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Ally McBeal

Ally McBeal was a whimsical American television comedy drama[?] devised by David E. Kelley, with Calista Flockhart in the title role as a young, attractive lawyer working in the fictional Boston law firm Cage & Fish, filled with a cast of similarly young, attractive lawyers who live and love highly melodramatically.

Despite its legal settings, the show pays little attention to the actual practice of law, using legal manoeuvers as plot devices to push the main thrust of the show, the romantic lives of the main characters, forward.

The show's use of fantasy sequences to illustrate the character's inner thoughts was particularly notable, along with the character's regular visits to a particular bar where singer and cast member Vonda Shepard[?] regularly performed (though occasionally handing over the microphone to the characters).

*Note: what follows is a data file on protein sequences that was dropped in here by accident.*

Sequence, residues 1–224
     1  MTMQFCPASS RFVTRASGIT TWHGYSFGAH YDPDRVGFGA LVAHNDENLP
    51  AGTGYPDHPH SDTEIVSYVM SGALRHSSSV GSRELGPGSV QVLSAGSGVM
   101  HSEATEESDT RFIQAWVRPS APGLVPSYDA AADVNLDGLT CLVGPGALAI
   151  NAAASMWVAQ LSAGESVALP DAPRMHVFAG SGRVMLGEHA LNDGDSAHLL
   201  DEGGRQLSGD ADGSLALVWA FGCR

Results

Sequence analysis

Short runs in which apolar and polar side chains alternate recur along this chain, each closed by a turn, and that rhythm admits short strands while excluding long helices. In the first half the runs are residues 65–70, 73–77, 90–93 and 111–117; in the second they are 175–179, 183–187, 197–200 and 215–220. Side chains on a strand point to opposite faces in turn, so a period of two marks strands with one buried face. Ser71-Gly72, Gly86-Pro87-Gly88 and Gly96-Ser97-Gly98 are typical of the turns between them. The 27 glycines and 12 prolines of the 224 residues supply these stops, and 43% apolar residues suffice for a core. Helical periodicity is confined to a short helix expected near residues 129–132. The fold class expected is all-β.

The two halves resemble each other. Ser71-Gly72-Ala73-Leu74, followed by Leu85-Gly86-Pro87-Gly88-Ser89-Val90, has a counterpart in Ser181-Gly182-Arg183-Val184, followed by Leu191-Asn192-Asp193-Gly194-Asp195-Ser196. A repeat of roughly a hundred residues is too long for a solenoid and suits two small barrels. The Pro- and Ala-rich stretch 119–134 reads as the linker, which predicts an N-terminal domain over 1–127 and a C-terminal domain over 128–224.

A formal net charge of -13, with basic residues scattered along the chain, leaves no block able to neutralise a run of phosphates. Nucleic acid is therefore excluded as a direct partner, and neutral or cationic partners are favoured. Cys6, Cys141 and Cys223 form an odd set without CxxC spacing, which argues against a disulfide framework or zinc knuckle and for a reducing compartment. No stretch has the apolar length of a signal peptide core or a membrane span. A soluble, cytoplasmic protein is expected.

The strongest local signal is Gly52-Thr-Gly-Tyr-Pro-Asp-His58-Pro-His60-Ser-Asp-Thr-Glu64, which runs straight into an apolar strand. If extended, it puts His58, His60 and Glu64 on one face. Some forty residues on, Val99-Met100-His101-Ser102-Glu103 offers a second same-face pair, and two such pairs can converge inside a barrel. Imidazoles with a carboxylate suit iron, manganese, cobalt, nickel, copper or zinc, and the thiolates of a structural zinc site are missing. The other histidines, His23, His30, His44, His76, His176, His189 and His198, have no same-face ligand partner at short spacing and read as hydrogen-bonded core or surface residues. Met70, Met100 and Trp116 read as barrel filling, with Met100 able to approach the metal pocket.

Ally McBeal was hugely successful, but received much criticism from TV critics and feminists who found the title character annoying and demeaning to women because of her lack of demonstrated legal knowledge and extreme emotional instability and unreliability. Flockhart's visible loss of weight by the second season also caused much media speculation, and at least one cast member left over this issue.

However, Ally's search for true love struck a chord with young female audiences, and the eccentric characters around her were developed further, giving the show a wider focus.

In the fourth season, Robert Downey Jr. joined the regular cast as Ally's boyfriend Larry, resurrecting the ratings[?] of a show that had lost its novelty and thus much of its audience. However, when Downey was forced to leave as his drug addiction caused him legal troubles, and other central cast members such as Lucy Liu also left, the ratings sank again. Not even Matthew Perry and singer Jon Bon Jovi's regular guest appearances in season 5 were enough to save the show, which was canceled in 2001.

Notable guest stars on the show included comedian Tracey Ullman as Ally's unusual therapist, and singers Barry White, Al Green, Sting, Tina Turner, and Barry Manilow as themselves.

Barry White's music was frequently showcased on the show as a sexual stimulant; when one of the characters mentally "heard" the music, other characters would be attracted. This action was often accompanied by dancing and took place in the unisex bathroom.

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